In 1839, British troops and Indian sepoys poured into Afghanistan in what turned out to be an unnecessary pre-emptive move to block a feared Russian expansion into the territory. Although the Russian envoy had failed to woo the Afghan ruler, the British authorities decided to err on the side of caution and invaded Afghanistan anyway.
Their intent was to put a pliant puppet on the Kabul throne to ensure that the northwest frontier of their lucrative Indian colony remained secure.
True to the historical pattern, the invading British made short work of the poorly armed Afghan defenders. However, once the occupation phase began, the British became overconfident in their military superiority.
Prior to the invasion, Britain’s East India Company had paid the border tribes a tribute — or bribe — to allow their trade convoys safe passage through the Khyber Pass. Now that they had defeated the ragtag Afghan army and set up shop in Kabul, the East India Company decided to save themselves some money and cancelled the tribute payments.
The result was that the Pashtun tribes along the border rose up in revolt and cut off the British supply lines from India.
Forced to retreat from Kabul in the fall of 1841, the British garrison suffered the most complete defeat in military history, with only one survivor — dressed as a woman — managing to elude the victorious Afghans.
Fast-forward to the present conflict and the porous Afghan-Pakistani border remains the predominant headache for the occupying NATO forces. While it would be impossible for the current Afghan insurgents to repeat their forefathers’ feat of annihilating the foreign forces, due to our modern weaponry, airpower and technology, NATO’s inability to close the border provides the Taliban with a constant supply of men and material.
Just last week, U.S. Army Col. Viet Luong told the Washington Times that “to secure the border in the traditional sense would take an inordinate amount of resources.” As the commander of U.S. troops in the province of Khost, Col. Luong’s unit is responsible for 261 kilometres of the Afghanistan-Pakistan border.
The “traditional sense” to which Luong referred is, of course, the “Western sense” of securing borders, which would involve fences, checkpoints, sensors and controlled access — all of which would be impossible in this rugged mountain terrain where an actual delineation of territory has yet to be surveyed.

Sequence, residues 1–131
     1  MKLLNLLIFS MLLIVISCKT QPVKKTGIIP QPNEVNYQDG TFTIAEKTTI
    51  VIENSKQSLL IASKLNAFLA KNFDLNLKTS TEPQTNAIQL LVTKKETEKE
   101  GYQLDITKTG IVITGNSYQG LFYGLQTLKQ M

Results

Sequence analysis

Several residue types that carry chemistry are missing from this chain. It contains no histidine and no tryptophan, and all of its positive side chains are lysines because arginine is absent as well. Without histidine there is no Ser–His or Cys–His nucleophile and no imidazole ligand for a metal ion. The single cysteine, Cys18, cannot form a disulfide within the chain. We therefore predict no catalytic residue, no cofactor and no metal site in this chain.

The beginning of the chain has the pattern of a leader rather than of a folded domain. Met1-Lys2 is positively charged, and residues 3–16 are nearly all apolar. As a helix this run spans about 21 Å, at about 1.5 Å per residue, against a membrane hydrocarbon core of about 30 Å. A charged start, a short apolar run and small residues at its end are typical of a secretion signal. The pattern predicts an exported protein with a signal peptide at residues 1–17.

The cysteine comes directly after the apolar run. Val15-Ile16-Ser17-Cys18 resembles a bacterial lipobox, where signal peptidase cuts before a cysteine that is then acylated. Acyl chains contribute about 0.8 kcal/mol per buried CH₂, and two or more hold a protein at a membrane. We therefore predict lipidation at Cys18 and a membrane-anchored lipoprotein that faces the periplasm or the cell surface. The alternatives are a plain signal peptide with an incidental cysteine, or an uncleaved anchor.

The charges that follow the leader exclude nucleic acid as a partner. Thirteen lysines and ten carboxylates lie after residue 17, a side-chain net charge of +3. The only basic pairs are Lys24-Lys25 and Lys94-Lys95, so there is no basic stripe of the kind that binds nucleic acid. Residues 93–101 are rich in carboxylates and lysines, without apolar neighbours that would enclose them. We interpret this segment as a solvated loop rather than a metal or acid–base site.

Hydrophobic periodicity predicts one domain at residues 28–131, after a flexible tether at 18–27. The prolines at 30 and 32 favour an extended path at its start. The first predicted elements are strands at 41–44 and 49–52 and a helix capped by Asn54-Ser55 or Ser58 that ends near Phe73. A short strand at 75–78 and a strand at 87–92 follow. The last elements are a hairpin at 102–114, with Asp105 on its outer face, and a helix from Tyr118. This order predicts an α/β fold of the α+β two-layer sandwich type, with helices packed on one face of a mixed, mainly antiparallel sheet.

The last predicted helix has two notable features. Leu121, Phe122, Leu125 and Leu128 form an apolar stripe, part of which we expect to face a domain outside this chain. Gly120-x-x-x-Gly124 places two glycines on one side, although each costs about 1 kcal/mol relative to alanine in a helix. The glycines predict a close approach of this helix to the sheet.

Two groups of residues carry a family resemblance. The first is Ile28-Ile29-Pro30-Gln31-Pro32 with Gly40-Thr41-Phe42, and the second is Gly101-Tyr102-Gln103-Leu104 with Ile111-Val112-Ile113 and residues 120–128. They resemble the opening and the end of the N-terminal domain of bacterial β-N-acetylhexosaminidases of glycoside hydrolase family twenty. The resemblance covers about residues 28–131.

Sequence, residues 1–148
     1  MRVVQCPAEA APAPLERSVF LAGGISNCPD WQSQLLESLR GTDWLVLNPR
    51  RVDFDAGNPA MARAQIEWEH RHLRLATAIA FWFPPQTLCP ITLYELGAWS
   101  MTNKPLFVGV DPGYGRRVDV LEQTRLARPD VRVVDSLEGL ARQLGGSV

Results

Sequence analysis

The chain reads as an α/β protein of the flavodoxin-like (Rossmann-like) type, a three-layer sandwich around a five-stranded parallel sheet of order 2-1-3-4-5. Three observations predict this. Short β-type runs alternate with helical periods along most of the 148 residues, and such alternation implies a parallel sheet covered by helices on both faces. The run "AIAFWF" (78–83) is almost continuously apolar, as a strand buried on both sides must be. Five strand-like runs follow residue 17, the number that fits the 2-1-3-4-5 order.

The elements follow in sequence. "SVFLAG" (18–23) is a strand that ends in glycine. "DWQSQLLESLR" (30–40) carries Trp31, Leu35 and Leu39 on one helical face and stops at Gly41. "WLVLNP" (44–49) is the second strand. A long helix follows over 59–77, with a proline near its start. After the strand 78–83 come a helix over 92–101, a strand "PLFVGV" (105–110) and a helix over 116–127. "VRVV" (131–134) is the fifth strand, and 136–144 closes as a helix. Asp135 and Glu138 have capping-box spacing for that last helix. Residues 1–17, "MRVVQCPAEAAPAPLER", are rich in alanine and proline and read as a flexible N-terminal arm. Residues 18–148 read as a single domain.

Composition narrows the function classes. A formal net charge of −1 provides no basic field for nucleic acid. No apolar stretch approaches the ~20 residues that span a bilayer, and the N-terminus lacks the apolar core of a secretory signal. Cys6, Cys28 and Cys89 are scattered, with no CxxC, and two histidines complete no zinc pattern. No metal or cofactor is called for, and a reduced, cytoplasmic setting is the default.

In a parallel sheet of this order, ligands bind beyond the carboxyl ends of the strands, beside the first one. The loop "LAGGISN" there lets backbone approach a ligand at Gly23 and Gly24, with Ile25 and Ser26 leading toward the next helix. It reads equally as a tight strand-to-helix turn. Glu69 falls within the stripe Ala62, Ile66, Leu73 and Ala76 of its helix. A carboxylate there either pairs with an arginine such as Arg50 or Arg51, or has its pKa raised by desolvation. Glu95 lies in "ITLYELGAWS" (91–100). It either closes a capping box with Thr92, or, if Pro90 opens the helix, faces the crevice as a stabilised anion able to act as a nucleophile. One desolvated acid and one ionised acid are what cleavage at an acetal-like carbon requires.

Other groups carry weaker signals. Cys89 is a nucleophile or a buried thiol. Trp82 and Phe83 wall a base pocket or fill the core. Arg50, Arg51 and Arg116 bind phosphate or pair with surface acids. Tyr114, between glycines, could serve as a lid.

The Pashtun tribes along this territory are fiercely hostile to any outsiders and this includes the predominantly ethnic Tajiks and Uzbeks that comprise the ranks of the Afghan National Army. They are, however, also extremely loyal to their local warlord, Pocha Khan Zadran.
A former Taliban sympathizer, Zadran is also a cunning survivor who has now fully embraced the concept of democracy, for at least he enjoys its benefits.
As an elected member of Parliament, Zadran is technically only a minor official. In reality, he remains the only real authority in Afghanistan’s four easternmost provinces.
When I interviewed him at his Kabul home in 2008, Zadran made it clear that he was willing to use his own militia to close the border. In return, he would, of course, expect to be paid a form of “tribute” and he vowed he could rid his provinces of all Taliban within two months.
Like the British East India Company officials before them, the Americans have chosen to do things their own way rather than strike a compromise with Zadran’s collection of thieves and brigands. As a result, the border remains an open sore in this festering conflict.
Summing up the American strategy in Afghanistan, Zadran compared the U.S. military to a “blind man walking on a roof.”
If the Americans refuse to listen to directions, he told me, sooner or later, they are going to fall off.
Scott Taylor is an author and the editor of Esprit de Corps magazine.